Will Swenson (Neil – Then) leads the cast of “A Beautiful Noise, The Neil Diamond Musical.” Photo by Julieta Cervantes.
Fast forward a bunch of decades and you have A Beautiful Noise: The Neil Diamond Musical, a showbiz biopic that reaches into the hearts of Neil Diamond’s loyal fan base and recruits new disciples at every performance thanks to its formidable company led by Tony nominee Will Swenson. In nuancing Diamond’s persona, from virtual unknown to pop music icon, Swenson is fearless as he delivers one hit after another and brings his subject’s conflicted life into focus. The book, keenly crafted by Anthony McCarten (Bohemian Rhapsody), begins, and is punctuated throughout, with Neil “Now” (Mark Jacoby) in therapy sessions that inevitably flashback to Swenson’s Neil and “Solitary Man”…or “America”…or the in-show and curtain call showstopper “Sweet Caroline,” a.k.a. sing-along catnip.
Valisa LeKae as LaVern Baker, Constantine Maroulis as Alan Freed, Rodrick Covington as Little Richard, and the cast of Rock & Roll Man. Photo credit © Joan Marcus (2023).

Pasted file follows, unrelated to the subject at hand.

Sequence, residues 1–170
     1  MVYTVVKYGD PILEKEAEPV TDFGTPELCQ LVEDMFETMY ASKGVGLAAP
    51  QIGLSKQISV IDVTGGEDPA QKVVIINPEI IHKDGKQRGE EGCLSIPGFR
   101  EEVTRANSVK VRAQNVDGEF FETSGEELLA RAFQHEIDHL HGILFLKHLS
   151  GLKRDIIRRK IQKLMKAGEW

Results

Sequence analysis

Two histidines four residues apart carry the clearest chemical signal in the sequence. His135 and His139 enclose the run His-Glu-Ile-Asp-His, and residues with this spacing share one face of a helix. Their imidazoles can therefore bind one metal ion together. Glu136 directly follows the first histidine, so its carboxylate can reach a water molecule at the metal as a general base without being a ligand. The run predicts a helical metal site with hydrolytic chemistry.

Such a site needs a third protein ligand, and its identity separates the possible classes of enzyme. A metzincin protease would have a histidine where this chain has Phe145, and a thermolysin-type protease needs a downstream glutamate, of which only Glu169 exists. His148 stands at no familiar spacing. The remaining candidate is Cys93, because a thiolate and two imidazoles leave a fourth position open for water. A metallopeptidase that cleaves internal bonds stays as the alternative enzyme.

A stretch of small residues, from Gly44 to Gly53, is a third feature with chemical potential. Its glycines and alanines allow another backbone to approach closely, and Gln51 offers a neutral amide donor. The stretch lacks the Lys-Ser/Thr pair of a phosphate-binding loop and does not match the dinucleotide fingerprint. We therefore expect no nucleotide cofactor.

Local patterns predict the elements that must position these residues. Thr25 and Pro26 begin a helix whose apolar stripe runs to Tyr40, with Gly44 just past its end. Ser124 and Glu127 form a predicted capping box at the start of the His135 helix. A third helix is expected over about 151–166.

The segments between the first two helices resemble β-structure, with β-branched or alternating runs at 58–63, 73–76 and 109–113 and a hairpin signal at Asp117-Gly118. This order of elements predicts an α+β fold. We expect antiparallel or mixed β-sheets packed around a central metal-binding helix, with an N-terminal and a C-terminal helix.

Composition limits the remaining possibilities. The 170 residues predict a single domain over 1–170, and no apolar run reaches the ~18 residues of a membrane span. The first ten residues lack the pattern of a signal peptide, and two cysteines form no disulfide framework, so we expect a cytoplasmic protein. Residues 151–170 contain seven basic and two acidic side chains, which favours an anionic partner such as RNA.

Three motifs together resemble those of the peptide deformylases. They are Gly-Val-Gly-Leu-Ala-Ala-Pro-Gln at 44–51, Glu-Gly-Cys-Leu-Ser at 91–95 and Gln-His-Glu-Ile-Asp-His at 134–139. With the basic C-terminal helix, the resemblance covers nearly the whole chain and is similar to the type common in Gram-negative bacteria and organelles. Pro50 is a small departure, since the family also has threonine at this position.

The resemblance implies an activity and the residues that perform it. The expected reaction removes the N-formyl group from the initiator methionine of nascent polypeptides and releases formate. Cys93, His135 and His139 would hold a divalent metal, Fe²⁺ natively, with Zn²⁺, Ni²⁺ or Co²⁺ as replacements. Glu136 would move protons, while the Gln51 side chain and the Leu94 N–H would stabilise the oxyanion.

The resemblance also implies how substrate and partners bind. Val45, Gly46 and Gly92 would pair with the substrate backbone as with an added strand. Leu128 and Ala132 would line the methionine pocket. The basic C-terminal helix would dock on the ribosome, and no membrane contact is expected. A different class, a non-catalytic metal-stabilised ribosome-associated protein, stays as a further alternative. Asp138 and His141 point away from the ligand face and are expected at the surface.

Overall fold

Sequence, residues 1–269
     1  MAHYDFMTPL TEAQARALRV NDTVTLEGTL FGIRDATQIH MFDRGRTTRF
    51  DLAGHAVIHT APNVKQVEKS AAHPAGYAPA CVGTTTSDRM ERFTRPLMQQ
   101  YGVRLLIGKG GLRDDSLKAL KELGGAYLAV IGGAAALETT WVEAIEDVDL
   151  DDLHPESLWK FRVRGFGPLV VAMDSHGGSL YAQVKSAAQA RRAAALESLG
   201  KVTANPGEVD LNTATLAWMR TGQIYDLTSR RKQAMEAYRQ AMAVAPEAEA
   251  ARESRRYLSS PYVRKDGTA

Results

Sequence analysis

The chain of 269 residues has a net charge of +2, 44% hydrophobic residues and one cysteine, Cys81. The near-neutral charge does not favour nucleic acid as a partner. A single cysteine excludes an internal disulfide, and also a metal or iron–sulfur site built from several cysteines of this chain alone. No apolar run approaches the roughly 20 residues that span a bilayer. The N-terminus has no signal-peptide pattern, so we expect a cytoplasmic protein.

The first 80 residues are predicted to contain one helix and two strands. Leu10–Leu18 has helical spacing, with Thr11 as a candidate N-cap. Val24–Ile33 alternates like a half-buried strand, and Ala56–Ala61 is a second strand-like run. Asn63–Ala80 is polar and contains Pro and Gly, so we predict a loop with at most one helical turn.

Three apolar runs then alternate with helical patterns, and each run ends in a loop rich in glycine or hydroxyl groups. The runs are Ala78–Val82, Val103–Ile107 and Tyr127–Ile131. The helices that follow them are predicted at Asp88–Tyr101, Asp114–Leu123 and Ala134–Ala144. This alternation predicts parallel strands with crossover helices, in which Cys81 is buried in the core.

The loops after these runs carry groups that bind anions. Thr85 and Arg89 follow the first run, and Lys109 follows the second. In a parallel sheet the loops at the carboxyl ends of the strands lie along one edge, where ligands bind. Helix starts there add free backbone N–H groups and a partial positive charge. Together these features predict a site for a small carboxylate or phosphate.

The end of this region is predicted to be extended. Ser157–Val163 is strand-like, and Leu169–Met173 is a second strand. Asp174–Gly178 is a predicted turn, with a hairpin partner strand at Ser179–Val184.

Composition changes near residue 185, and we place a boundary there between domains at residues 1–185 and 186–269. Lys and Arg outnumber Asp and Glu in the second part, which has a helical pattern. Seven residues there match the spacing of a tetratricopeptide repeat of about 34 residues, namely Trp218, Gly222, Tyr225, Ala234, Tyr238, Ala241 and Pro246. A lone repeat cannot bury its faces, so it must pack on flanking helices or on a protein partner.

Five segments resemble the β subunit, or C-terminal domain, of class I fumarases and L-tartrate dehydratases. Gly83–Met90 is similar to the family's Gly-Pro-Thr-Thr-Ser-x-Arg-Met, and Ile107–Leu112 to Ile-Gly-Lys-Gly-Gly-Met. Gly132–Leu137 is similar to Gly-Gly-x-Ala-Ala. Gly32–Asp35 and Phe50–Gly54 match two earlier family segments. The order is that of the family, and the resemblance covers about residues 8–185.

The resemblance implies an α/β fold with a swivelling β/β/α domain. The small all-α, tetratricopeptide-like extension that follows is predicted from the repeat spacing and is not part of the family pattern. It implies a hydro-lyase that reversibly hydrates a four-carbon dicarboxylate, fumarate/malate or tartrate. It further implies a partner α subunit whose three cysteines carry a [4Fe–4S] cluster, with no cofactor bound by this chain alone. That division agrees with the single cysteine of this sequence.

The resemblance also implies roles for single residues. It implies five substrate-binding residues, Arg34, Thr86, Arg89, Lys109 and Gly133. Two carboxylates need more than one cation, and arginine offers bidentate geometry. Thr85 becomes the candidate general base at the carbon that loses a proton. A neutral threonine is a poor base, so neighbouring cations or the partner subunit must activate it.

Speaking of flashbacks, the new Off-Broadway musical Rock & Roll Man, homing in on the life and legacy of trailblazing DJ/concert promoter Alan Freed, is built around blasts from the pasts and alcohol-fueled nightmare sequences featuring J. Edgar Hoover (Bob Ari) as prosecutor and a deliciously over-the-top (as if that were possible!) Little Richard (Rodrick Covington) as defense attorney. Driving the production is Constantine Maroulis’s extraordinary linchpin embodiment of the man who coined the term “rock & roll” while defying the pervasive segregation codes of the 1950s. Sharing stage time with Maroulis is Joe Pantoliano (The Sopranos) who plays two roles—one lovable, one not so much. And, like A Beautiful Noise, the roster of rock classics is impossible to resist.